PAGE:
Lots of people who long for a more open, more democratic and fairer world still pin their hopes on the internet. The exchange of information, access to knowledge, distance-defying communication unimpeded by national borders—all of these go into making the internet what it is today. Nevertheless, there are more and more proposals to restrict the freedom of the World Wide Web.

Sergey Brin, one of the founders of Google (there’s probably no need you provide you with a link here, right?), recently gave a detailed and comprehensive account of some of the looming threats and his critique of them. In this connection, he regards closed systems like Facebook and Apple’s Appstore as discrete domains that make themselves impervious to free information exchange. In his opinion, this development is diametrically opposed to the original idea of the internet—namely, openness and access for all.

Furthermore, he sees the internet as being endangered by various governments and their proposed legislation. Here, he mentioned SOPA/PIPA by name, but of course ACTA and telecommunications data retention fall into the same category. Under the guise of crime fighting & prevention, numerous states are attempting to keep track of who’s getting organized with whom and which protest movements and anti-government resistance groups are gaining support and followers via the Web. As usual throughout history, the powers that be fear losing their grip on power and thus attempt to prevent communication or at least to make it more difficult. “Divide and Conquer!”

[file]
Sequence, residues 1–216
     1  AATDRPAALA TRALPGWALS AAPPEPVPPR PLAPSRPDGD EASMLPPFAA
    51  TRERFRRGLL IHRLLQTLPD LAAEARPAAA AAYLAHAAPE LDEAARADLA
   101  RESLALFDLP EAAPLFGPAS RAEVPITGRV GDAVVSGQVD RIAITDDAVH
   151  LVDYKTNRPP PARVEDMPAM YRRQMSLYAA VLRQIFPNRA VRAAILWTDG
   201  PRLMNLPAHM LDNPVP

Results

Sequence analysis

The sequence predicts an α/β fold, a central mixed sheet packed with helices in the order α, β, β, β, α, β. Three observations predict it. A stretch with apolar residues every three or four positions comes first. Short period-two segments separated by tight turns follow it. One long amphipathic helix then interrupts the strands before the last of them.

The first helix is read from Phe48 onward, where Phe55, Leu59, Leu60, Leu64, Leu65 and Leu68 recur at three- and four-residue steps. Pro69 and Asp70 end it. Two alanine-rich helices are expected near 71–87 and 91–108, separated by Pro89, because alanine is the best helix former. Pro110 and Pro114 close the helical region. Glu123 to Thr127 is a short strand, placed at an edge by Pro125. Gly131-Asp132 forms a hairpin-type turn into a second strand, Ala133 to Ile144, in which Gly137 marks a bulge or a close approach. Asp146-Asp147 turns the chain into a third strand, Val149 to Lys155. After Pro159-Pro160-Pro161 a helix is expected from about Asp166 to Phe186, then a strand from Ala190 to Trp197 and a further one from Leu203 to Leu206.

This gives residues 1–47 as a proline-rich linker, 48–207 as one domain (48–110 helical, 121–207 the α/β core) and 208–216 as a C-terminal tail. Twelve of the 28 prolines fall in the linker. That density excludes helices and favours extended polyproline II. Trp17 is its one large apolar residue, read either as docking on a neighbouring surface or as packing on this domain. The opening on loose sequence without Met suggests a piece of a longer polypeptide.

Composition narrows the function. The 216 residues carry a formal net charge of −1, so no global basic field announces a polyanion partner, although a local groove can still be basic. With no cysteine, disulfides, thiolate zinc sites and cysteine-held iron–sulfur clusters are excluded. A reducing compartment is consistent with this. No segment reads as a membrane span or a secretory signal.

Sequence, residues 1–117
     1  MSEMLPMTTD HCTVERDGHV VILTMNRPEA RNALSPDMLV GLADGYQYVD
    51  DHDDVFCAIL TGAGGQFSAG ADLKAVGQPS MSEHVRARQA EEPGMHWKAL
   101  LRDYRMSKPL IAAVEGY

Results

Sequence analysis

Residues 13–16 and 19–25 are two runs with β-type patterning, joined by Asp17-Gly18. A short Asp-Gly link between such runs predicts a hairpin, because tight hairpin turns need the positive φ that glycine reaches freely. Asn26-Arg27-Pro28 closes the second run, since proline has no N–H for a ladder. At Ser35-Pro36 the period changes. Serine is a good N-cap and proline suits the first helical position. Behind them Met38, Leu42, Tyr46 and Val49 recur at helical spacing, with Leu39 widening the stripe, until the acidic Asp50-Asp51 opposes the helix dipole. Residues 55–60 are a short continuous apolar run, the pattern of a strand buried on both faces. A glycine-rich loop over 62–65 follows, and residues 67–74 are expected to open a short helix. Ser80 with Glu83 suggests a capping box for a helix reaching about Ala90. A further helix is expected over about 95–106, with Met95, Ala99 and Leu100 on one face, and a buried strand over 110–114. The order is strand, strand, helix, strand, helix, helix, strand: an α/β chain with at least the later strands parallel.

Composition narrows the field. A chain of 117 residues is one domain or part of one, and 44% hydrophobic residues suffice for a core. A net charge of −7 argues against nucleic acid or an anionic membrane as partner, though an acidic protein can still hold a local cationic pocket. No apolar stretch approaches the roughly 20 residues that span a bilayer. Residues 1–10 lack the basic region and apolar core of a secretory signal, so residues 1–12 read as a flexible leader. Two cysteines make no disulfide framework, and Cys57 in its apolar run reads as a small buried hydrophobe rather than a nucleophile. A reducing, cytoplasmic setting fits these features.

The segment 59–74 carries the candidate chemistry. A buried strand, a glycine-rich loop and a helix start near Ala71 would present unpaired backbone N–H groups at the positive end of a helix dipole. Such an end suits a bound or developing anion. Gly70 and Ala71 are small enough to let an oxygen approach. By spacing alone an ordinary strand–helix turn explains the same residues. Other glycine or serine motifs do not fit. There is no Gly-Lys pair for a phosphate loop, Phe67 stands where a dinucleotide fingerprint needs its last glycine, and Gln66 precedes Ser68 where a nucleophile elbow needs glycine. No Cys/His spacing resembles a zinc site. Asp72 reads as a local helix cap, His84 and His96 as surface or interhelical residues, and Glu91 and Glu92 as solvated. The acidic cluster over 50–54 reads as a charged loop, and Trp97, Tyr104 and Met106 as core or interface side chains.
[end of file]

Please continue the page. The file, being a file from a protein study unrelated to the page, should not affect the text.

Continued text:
Now, of course, one can accuse Sergey Brin of attacking a competitor and there’s certainly some truth to that—after all, this is what’s made Google what it is today, something that Brin himself freely admits. Nevertheless, it really doesn’t matter whether his position is motivated by commercial interests or idealism. His analysis is accurate and should actually make us all pause and reflect that we’re on the verge of losing another cornerstone of our freedom. “Out of Control – What the Internet Knows about You”, a new exhibition opening Wednesday, April 18, 2012 at the Ars Electronica Center, sheds more light on this issue.

And while we’re on the subject of freedom: Google isn’t the only search engine out there, even if it does sometimes seem that way. When you use it, your search results depend not only on the contents of the respective websites but also on your own surfing habits. The more time you devote to similar topics and opinions, the heavier Google factors these opinions into the search results, and at some point you’re sort of stewing in your own juices when it comes to the opinion formation process. If you’d like know what it feels like not to be indexed or tracked, you could give duckduckgo.com a shot and experience surfing without a protective bubble. More than a million search queries per day attest to the fact that there are more and more people who are mad as hell and aren’t going to take it anymore!